Evaluating integral on surfaces

In summary, the integral \int_{B_{\delta}(p_0)}{\frac{1}{(1 + d^2(p_0, p))^2}\mathrm{d}v_g(p)} can be evaluated using the divergence theorem on a compact surface (M, g) with a small enough \delta, which yields a value of \pi.
  • #1
Goklayeh
17
0
Hello everyone! Could someone tell me how to evaluate the integral
[tex]
\int_{B_{\delta}(p_0)}{\frac{1}{(1 + d^2(p_0, p))^2}\mathrm{d}v_g(p)}
[/tex]
where [itex]B_{\delta}(p_0) \subset M[/itex] and [itex](M, g)[/itex] is a generic compact surface and [itex]\delta > 0[/itex] can be made small as one wishes (as usual, [itex]d[/itex] is the intrinsic metric)? Thanks you in advance

P.S. I strongly suspect that the value should be [itex]\pi[/itex], but I'm a newbie in integration-on-manifold without any idea about how to proceed.
 
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  • #2
The integral can be evaluated using the divergence theorem. Since the integrand is a function, the divergence theorem states that \int_{B_{\delta}(p_0)}{\frac{1}{(1 + d^2(p_0, p))^2}\mathrm{d}v_g(p)} = \int_{\partial B_{\delta}(p_0)}{\frac{1}{(1 + d^2(p_0, p))^2}\mathrm{d}s_g(p)}where \partial B_{\delta}(p_0) is the boundary of the ball and \mathrm{d}s_g(p) is the area element on the boundary. Now, since the boundary of the ball is a circle, the integral can be evaluated using the formula\int_{\partial B_{\delta}(p_0)}{\frac{1}{(1 + d^2(p_0, p))^2}\mathrm{d}s_g(p)} = \int_0^{2\pi}{\frac{1}{(1 + d^2(p_0, p))^2}\delta\,\mathrm{d}\theta}where \theta is the angle around the circle. The integral can then be evaluated explicitly:\int_0^{2\pi}{\frac{1}{(1 + d^2(p_0, p))^2}\delta\,\mathrm{d}\theta} = \pi\deltaTherefore, the value of the integral is \pi.
 

Related to Evaluating integral on surfaces

1. What is the purpose of evaluating integrals on surfaces?

The purpose of evaluating integrals on surfaces is to calculate the total value of a function over a given surface. This allows for the determination of important quantities such as surface area, volume, and mass.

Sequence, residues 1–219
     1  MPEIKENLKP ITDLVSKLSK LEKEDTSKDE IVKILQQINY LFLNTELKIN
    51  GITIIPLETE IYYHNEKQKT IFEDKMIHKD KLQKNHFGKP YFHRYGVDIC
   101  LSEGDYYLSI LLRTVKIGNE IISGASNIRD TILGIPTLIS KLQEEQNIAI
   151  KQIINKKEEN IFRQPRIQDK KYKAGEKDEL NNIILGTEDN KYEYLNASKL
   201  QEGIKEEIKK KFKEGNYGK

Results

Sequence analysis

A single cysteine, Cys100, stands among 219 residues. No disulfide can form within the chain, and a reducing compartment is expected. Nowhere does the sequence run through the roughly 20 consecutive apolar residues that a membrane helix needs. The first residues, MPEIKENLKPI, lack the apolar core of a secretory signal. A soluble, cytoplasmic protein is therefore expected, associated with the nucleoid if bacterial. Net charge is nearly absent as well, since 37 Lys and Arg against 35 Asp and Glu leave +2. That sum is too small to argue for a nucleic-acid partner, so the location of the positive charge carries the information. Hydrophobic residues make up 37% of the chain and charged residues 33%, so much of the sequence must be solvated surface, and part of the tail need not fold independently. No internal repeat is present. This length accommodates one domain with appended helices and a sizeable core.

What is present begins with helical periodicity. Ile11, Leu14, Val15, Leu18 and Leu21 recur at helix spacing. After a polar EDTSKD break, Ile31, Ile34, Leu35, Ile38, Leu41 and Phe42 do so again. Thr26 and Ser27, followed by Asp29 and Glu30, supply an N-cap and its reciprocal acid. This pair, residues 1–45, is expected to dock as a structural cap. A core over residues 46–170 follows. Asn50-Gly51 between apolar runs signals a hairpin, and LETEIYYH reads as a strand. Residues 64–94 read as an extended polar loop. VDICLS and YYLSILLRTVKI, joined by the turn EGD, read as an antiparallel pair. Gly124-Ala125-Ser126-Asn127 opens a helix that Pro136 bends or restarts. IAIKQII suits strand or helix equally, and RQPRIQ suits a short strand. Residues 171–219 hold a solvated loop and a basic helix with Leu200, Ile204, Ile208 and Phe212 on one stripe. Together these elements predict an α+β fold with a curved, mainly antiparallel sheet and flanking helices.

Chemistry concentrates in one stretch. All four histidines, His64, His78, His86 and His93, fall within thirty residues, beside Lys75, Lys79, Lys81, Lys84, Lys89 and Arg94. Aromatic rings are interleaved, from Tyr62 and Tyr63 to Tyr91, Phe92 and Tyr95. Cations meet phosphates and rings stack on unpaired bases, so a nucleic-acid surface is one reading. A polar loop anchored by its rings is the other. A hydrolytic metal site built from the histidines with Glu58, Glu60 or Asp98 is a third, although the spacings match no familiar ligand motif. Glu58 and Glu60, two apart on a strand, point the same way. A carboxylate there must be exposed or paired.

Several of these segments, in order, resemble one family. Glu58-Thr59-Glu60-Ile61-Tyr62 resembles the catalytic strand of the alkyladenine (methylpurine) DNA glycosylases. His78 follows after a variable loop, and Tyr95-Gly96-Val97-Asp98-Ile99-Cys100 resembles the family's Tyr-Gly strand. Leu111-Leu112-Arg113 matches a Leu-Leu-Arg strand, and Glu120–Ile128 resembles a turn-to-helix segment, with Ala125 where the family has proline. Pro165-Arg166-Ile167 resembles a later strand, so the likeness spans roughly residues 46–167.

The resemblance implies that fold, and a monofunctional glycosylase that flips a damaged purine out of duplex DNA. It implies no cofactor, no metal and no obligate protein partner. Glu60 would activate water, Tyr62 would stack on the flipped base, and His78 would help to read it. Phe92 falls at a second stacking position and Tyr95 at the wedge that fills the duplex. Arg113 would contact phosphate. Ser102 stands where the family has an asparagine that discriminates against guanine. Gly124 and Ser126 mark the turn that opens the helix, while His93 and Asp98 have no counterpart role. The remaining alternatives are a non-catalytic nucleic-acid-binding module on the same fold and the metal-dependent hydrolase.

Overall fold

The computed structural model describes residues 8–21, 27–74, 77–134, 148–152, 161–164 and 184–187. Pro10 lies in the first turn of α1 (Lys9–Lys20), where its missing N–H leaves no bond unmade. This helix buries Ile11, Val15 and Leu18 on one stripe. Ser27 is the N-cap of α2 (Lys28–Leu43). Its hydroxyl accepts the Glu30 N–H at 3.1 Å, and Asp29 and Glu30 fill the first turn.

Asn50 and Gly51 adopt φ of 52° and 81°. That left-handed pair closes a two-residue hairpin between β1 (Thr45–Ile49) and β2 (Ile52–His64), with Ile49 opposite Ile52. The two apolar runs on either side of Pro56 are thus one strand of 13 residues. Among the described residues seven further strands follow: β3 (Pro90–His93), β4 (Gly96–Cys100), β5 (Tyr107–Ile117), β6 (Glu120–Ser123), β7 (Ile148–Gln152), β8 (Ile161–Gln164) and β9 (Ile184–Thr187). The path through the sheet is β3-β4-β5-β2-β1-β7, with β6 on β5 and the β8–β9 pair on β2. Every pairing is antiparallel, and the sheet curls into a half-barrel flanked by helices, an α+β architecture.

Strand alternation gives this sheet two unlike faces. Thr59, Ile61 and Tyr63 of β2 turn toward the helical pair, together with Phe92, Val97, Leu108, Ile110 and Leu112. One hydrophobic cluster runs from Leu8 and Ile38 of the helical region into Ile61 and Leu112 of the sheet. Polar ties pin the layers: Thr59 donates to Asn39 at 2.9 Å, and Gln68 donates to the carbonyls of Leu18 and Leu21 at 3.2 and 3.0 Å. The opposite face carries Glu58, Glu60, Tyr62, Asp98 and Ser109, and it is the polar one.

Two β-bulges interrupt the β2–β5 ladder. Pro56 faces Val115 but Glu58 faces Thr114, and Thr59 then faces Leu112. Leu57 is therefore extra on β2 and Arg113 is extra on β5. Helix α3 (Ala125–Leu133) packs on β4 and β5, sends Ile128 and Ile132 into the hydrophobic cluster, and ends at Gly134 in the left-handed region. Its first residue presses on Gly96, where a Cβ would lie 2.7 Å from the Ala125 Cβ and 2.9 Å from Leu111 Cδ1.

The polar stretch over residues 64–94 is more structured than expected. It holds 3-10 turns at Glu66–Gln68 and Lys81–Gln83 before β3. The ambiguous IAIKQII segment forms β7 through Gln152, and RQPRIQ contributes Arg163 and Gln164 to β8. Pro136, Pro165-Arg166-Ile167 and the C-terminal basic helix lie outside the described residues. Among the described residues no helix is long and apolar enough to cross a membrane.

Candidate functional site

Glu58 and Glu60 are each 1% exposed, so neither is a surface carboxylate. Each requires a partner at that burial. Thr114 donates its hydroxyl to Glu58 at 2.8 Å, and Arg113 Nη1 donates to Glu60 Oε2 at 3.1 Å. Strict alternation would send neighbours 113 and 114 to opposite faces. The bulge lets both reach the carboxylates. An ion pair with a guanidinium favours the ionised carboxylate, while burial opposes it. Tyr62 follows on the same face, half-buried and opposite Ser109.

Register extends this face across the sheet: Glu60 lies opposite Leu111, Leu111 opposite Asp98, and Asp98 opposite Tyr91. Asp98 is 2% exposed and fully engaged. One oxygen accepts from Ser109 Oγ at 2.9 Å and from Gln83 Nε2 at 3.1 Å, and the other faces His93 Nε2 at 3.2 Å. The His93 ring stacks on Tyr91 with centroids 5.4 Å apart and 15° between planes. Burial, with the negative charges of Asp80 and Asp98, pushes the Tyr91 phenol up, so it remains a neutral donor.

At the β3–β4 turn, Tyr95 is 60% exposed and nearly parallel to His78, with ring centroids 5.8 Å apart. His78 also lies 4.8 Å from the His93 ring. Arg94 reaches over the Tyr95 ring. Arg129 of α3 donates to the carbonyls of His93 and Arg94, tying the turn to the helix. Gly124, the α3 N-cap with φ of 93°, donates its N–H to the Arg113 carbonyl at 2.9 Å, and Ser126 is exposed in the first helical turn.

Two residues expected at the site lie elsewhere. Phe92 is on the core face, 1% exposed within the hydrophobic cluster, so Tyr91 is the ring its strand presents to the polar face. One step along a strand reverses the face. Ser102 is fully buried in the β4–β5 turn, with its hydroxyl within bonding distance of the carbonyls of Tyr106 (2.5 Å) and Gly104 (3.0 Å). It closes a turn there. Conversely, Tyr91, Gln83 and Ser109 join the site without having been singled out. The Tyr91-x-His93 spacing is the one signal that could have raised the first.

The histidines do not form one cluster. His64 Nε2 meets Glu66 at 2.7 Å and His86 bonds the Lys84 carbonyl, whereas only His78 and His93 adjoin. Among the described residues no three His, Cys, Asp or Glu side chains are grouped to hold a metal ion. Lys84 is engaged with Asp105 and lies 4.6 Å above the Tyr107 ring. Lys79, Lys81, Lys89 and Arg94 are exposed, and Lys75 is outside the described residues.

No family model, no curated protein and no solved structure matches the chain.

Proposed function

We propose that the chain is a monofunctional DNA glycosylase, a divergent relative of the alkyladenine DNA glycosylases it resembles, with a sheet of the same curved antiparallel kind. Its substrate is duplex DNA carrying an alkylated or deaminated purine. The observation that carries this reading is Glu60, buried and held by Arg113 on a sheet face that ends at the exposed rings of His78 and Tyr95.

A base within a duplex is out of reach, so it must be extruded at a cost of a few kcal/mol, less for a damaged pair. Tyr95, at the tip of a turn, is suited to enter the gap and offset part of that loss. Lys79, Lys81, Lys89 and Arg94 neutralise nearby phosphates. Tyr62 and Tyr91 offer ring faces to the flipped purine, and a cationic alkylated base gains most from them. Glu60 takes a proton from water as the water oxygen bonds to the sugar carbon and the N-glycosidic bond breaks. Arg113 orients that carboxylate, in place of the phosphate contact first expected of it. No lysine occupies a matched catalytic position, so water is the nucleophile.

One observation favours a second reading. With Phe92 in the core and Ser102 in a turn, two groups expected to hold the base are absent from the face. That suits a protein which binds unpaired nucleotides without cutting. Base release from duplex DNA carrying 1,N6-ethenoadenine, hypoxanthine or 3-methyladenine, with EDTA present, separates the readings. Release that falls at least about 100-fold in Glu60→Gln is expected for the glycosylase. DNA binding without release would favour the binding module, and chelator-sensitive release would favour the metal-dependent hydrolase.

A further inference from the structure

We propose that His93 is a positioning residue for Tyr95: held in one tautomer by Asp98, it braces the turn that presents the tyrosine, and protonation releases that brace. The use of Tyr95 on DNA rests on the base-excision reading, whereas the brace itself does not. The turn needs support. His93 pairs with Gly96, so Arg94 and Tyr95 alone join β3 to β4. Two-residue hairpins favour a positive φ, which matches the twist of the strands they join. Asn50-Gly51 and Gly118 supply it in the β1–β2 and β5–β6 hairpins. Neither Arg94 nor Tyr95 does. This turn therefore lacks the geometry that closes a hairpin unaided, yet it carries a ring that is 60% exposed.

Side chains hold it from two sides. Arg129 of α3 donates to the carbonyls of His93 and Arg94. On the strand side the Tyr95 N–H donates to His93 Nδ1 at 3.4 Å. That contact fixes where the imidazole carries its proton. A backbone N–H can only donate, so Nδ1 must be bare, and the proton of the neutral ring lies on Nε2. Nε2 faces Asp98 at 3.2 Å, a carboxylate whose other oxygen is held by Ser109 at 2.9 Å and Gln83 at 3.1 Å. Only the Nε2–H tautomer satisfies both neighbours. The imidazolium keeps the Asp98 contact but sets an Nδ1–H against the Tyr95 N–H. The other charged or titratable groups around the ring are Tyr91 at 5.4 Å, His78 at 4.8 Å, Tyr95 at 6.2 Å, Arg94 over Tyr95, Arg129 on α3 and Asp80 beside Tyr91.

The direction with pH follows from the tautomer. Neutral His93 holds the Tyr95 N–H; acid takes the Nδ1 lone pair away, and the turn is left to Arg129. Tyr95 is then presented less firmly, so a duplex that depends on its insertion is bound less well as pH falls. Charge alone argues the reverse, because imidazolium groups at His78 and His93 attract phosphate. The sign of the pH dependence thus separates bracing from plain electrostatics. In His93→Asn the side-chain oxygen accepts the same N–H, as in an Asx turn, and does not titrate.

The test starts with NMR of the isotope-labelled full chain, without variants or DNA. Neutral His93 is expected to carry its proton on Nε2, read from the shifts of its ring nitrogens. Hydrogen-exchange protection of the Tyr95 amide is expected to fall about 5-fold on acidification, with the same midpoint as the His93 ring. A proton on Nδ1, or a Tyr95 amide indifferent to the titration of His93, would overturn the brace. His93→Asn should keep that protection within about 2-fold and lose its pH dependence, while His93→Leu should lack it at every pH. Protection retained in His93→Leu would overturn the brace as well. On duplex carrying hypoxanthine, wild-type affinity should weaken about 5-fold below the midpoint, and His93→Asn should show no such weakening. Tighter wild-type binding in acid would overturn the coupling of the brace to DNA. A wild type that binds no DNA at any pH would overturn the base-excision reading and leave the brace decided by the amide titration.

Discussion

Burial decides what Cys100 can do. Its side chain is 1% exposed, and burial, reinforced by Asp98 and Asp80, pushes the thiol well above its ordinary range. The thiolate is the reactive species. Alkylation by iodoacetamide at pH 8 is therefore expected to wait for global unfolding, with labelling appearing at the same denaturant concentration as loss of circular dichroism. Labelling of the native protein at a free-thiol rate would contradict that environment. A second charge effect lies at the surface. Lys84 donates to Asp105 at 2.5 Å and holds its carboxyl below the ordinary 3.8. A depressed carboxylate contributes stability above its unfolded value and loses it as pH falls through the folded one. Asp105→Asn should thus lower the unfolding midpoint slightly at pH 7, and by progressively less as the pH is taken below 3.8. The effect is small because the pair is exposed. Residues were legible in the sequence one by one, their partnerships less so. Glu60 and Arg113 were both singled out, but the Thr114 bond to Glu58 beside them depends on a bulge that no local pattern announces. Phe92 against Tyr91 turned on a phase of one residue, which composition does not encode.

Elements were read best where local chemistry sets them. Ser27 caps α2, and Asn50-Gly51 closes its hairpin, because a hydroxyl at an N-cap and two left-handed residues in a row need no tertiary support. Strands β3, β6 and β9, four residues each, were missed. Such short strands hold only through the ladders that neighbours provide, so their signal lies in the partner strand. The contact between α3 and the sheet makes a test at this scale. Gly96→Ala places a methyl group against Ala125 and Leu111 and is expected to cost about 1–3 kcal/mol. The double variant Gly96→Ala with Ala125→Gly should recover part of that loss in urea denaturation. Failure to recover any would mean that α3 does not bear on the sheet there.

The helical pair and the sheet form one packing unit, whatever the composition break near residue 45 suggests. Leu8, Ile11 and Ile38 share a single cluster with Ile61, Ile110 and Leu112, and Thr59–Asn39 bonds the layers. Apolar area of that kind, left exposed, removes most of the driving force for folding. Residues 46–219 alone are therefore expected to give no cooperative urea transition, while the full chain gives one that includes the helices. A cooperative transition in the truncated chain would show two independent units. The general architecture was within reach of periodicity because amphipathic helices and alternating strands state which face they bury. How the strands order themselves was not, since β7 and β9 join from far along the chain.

2. What are the different methods for evaluating integrals on surfaces?

There are several methods for evaluating integrals on surfaces, including the use of parametric equations, double integrals, and surface integrals. Each method has its own advantages and is used depending on the specific problem at hand.

3. How is a surface integral different from a regular integral?

A surface integral is a type of integral that is evaluated over a surface, rather than a one-dimensional interval as in a regular integral. This means that instead of integrating along a single axis, the function is integrated over a two-dimensional region.

4. What are some applications of evaluating integrals on surfaces in real-world situations?

Evaluating integrals on surfaces has many practical applications, such as calculating the surface area of a three-dimensional object, finding the center of mass, and determining the amount of fluid flow through a surface. It is also used in fields such as physics, engineering, and computer graphics.

5. What are some common challenges when evaluating integrals on surfaces?

Some common challenges when evaluating integrals on surfaces include choosing the appropriate method for the given problem, setting up the integral correctly, and dealing with complex surfaces or functions. It is important to have a strong understanding of mathematical concepts and techniques to overcome these challenges.

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